What also marks Coub apart from other platforms, is the option of adding an entire music track to a looped video. Users have certainly been making use of this option, which the competitors don't offer. For instance, Vine only allows a user to add a clip from a music track.

The copyright issue is also properly addressed, as beneath each coub, there are links to the original sources of video and audio material, such as, for instance, iTunes or YouTube.

All work with audio and video is done with an online editor. And, when it comes to creative opportunities, they are abundant, limited only by people's creativity and imagination.

A user can, for instance, film their own video, capturing a moment with just a tiny bit of motion and, as a result, create the illusion of a moving photograph. Or, it is possible to collect one's favorite movie quotes and snippets from songs, television shows or YouTube videos.

Another option would be the creating of a "never-ending" animated story.

Targeting users all over the world

In two and a half years, Coub went a long way from just another startup operated by a handful of people to a company with offices in Moscow and New York, in which investors are eager to pump millions of dollars.

"At the time of our launch in April 2012, the team consisted of six people: the three of us, designer Mike, programmer Anatoly and Alisa, who was in charge of content," says Igor Gladkobrodov. "Today, we have 30 people working in our two offices, in Moscow and New York."

Coub boasts a monthly audience of 50 million people globally, while over 600,000 coubs were made in the last 12 months.

Meanwhile, investors were quick enough to notice the promising startup. Last year, Coub attracted a $1 million investment from the Moscow-based venture capital funds Phenomen Ventures, which also invested in the taxi app Hailo, and Brothers Ventures, founded by entrepreneurs David and Daniil Liberman. Then, another $2.5 million was invested by Vaizra Investments.

Strengthening its presence in the US market is one of the company's top priorities and Coub plans to spend the Vaizra Investments cash on it overseas operation, says Nastya Popova, head of marketing, adding that further investment is being prepared.

According to Popova, Russia currently accounts for up to 70 per cent of Coub users, while the rest of them mostly come from Ukraine, Hungary, the United States and the Baltic states.

Bringing in more foreign users is currently a major task, with a special focus on the US market.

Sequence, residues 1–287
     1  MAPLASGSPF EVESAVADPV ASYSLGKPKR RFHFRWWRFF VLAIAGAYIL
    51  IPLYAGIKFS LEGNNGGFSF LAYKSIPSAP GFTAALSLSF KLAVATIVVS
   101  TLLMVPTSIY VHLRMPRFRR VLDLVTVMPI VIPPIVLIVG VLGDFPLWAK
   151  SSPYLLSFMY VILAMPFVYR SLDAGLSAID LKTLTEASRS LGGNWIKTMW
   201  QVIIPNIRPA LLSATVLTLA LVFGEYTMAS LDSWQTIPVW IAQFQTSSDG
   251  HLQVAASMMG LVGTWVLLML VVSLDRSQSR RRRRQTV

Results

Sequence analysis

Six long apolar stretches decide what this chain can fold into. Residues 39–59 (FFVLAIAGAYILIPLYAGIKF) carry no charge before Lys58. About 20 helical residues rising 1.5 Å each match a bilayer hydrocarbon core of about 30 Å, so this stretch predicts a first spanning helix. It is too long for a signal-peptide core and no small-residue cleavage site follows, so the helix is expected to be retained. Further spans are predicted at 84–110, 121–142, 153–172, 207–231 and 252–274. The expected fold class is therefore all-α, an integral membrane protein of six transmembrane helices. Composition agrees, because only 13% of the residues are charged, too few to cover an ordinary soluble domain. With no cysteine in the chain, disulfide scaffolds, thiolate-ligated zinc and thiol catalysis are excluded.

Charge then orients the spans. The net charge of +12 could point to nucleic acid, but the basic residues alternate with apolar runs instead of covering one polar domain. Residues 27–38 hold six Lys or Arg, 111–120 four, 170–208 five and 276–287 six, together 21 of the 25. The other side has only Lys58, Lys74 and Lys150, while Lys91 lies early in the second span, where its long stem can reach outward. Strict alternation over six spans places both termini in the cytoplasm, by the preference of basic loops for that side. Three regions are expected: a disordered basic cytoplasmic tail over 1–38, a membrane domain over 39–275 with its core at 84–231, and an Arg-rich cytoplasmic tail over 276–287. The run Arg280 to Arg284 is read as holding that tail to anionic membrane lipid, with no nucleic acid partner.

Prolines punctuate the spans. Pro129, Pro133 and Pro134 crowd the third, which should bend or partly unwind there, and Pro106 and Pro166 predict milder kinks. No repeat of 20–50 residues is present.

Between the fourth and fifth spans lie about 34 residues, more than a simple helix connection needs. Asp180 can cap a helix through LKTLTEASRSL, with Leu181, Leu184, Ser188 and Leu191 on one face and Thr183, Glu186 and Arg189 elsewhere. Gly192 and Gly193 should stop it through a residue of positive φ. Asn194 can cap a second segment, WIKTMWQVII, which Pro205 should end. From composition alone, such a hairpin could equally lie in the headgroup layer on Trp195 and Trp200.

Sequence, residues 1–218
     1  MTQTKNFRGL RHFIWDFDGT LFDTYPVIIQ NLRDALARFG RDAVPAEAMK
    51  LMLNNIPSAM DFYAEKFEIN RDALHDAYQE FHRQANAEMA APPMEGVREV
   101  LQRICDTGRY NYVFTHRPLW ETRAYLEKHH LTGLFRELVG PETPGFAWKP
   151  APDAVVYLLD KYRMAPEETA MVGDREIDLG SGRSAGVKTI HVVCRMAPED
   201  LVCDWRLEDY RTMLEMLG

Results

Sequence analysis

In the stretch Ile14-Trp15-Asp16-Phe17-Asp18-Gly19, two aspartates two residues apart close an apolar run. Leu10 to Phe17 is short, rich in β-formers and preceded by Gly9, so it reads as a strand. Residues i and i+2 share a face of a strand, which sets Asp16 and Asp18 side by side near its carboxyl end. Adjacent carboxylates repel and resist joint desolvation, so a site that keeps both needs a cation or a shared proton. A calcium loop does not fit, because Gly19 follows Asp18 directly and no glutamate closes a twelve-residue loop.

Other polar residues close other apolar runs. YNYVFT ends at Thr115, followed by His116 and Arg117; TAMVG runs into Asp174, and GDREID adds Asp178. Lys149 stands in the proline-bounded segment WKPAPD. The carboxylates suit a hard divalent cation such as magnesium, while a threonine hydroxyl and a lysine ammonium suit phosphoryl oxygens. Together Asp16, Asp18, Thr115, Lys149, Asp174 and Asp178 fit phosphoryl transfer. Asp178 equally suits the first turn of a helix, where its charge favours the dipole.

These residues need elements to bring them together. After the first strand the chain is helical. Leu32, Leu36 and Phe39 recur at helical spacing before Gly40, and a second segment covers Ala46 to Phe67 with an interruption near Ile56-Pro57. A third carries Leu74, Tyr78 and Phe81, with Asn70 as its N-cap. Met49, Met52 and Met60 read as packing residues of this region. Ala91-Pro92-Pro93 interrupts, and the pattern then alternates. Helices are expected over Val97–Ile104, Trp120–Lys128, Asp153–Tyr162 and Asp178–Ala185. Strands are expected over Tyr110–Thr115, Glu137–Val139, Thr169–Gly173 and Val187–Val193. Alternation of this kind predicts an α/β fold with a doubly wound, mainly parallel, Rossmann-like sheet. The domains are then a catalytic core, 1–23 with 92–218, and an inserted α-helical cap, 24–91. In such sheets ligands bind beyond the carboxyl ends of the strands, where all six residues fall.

"Currently, we are focused on promotion in the United States," Popova says. "This is our main goal for the next year. Our main activities are PR, media partnership and community development. Basically, we talk to journalists and look for channels of delivering our content to users."

Apart from looking for ways to attract more users outside Russia, Coub is also focused on keeping up-to-date with the way people access the Internet as the focus is shifting towards mobile platforms.

According to Anton Gladkobrodov, Coub's main focus is now on mobile devices. "We are working on an Android App and we are making changes to the iPhone app," he says.

From cats to presidents

The most popular coubs generate millions of views and tens of thousands of likes and re-Coubs. To get a comprehensive idea of the extent, to which Coub could be used, one could check out "the best" section on the service's web site.

Among the top views coubs are, for instance, a rather literal illustration for "Ice Ice Baby," a 1989 hip hop track by US rapper Vanilla Ice and DJ Earthquake; "Russian Folk Tales Neurofunk Dance" featuring images of two women sporting traditional old Russian outfits, taken from a Russian cartoon, dancing to some contemporary techno; "Get Lucky," a series of quotes from US President Barak Obama superimposed against the 2013 track by Daft Punk.

Videos featuring Russian politicians have also made the most popular Coubs, including controversial veteran politician and head of the Liberal Democratic Party Vladimir Zhirinovsky, with footage of him set to the song "My Dick" by equally controversial American rapper Mickey Avalon. Incidentally, this track turns out to be quite popular with Coub users who also made videos of various political leaders, including Obama and Vladimir Putin set to it.

Cats, a popular subject for online videos, is also widely represented among the most popular coubs, such as a video entitled "Gotcha!" and featuring a cat caught by the lens while trying to steal some item of clothing from a drawer.

Among last year's most popular memes are videos set to the tracks Grand Theft Auto IV loading screen theme, Hypnotized by Oliver Koletzki and Optimism by Honor & B.A.N.G.

Videos in the Hidden Gems section run the gamut. Here, you can check out two dancing Quentin Tarantinos, the black humor of the animated "Cat Slap — Chainsaw" or "TV Trash," featuring The Simpsons' characters.